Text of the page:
This section is from the book "An Illustrated Flora Of The Northern United States, Canada And The British Possessions Vol3", by Nathaniel Lord Britton, Addison Brown. Also available from Amazon: An Illustrated Flora of the Northern United States, Canada and the British Possessions. 3 Volume Set..
Tall leafy herbs, with small panicled heads of yellow, white, pink, or blue flowers, and alternate leaves. Involucre cylindric, its bracts imbricated in several series, the outer shorter, or of 1 or 2 series of principal nearly equal inner bracts, and several rows of short outer ones. Receptacle flat, naked. Rays truncate and 5-toothed at the summit. Anthers sagittate at the base. Style-branches mostly slender. Achenes oval, oblong or linear, flat, 3-5-ribbed on each face, narrowed above or tipped by a filiform beak, which is somewhat expanded at the summit into a small disk bearing the copious soft capillary white or brown pappus-bristles. [The Ancient Latin name, from lac, milk, referring to the milky juice.]
Panicle widely branching; achene about as long as its beak.
1. L. virosa.
Panicle-branches nearly erect; achene shorter than its beak.
2. L. saligna.
Native species; heads several- to many-flowered.
Leaves, or their lobes, spinulose-denticulate: stem leafy below.
3. L. ludoviciana.
Leaves entire to pinnatifid, the teeth not spinulose; stem leafy to the inflorescence. Leaves hirsute or bristly on the veins beneath.
4. L. hirsuta.
Plant hirsute below; leaves pinnatifid or the upper entire.
Plant hirsute up to the inflorescence; leaves merely dentate or denticulate.
5. L. Steelei.
Leaves entire to pinnatifid, not sagittate at base.
6. L. canadensis.
Leaves entire or denticulate, sagittate at base.
7. L. sagittifolia.
B. Achenes truncate, or narrowed into stout beaks; rays blue to white. Perennial: achenes flattened.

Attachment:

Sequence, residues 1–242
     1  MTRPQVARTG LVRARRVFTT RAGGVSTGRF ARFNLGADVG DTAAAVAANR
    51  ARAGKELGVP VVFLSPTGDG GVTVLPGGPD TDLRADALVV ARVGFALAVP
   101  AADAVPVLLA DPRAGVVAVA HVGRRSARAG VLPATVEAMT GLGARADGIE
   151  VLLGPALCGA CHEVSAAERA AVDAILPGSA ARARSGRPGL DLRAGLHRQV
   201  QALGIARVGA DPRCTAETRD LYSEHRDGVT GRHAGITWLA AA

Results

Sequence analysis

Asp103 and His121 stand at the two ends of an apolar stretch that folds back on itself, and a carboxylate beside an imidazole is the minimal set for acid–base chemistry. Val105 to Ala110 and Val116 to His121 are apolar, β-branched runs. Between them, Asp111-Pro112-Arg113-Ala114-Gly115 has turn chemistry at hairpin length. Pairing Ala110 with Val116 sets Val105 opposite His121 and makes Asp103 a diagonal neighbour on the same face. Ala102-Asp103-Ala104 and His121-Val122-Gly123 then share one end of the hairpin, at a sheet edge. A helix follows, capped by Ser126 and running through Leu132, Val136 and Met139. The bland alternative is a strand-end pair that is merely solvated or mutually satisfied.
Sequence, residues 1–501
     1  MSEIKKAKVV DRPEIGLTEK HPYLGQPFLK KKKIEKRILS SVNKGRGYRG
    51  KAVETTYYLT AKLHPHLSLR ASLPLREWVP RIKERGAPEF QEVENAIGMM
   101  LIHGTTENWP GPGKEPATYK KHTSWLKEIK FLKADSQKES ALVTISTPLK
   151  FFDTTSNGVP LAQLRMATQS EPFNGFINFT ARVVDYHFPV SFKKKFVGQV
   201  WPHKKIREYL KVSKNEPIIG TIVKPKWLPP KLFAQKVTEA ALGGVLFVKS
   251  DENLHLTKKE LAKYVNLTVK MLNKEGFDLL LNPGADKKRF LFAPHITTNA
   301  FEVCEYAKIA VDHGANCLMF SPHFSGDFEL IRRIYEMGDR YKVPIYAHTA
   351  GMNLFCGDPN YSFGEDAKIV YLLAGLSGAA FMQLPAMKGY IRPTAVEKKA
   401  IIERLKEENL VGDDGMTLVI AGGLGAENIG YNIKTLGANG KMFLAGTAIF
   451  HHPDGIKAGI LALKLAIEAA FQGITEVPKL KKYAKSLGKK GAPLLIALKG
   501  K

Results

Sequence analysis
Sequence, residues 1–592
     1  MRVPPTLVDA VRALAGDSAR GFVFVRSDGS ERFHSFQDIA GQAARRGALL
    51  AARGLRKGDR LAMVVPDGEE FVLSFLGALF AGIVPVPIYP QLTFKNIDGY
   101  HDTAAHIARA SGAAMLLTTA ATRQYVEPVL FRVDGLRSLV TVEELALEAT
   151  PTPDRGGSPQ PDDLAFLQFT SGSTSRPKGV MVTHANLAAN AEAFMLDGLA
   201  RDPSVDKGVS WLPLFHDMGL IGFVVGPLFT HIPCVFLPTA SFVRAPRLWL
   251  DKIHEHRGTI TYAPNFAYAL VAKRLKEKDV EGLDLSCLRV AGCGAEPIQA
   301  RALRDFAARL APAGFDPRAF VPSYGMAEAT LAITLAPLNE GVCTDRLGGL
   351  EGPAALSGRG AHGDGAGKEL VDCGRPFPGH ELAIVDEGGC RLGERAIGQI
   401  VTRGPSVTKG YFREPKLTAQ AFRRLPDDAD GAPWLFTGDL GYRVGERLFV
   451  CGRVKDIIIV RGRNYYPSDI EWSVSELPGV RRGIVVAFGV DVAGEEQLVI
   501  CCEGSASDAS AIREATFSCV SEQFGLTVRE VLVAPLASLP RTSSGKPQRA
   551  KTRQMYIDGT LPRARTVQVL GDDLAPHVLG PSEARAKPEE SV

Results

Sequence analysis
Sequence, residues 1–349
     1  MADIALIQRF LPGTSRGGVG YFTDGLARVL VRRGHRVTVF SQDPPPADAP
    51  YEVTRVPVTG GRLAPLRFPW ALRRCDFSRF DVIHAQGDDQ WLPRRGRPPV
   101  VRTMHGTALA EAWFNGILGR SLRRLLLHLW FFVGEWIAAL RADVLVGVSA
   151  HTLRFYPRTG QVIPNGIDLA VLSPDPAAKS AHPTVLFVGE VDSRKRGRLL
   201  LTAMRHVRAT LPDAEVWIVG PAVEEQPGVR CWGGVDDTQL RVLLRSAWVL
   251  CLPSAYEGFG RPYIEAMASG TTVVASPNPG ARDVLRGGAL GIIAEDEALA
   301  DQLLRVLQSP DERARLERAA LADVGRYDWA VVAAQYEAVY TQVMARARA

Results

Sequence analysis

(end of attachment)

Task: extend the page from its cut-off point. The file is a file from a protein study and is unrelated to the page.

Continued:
Annuals or biennials; achenes swollen. Pappus bright white.
Achenes beakless: leaves dentate, acuminate.
9. L. villosa.
Achenes beaked; leaves pinnatifid.
10. L. floridana.
Pappus brown; achenes short-beaked.
11. L. spicata.
Lactuca virosa L. Sp. Pl. 795. 1753. Lactuca Serriola L. Cent. Pl. 2: 29. 1756. Lactuca Scariola L. Sp. Pl. Ed. 2, 1119. 1763.
Biennial, green and glaucous; stem stiff, leafy, usually paniculately branched, glabrous throughout, or bristly-hirsute at the base, 2°-7° high. Leaves oblong or oblong-lanceolate, spinulose-margined, denticulate or pinnatifid, sessile or auriculate-clasping, the lowest sometimes 10' long and 3' wide, the upper much smaller; midrib spinulose or hispid; heads 2"-4" broad, 6-12-flowered; very numerous in an open panicle; involucre cylindric, 1"-1 1/2" thick, its outer bracts about one-third the length of the inner; rays yellow; achenes obovate-oblong, about as long as the filiform beak; pappus white.
In fields and waste places, Vermont to Georgia, west to the Pacific Coast. A troublesome weed. Naturalized from Europe. Consists of several races, differing in the form, lobing and position of the leaves. Aug.-Sept. Milk- or horse-thistle.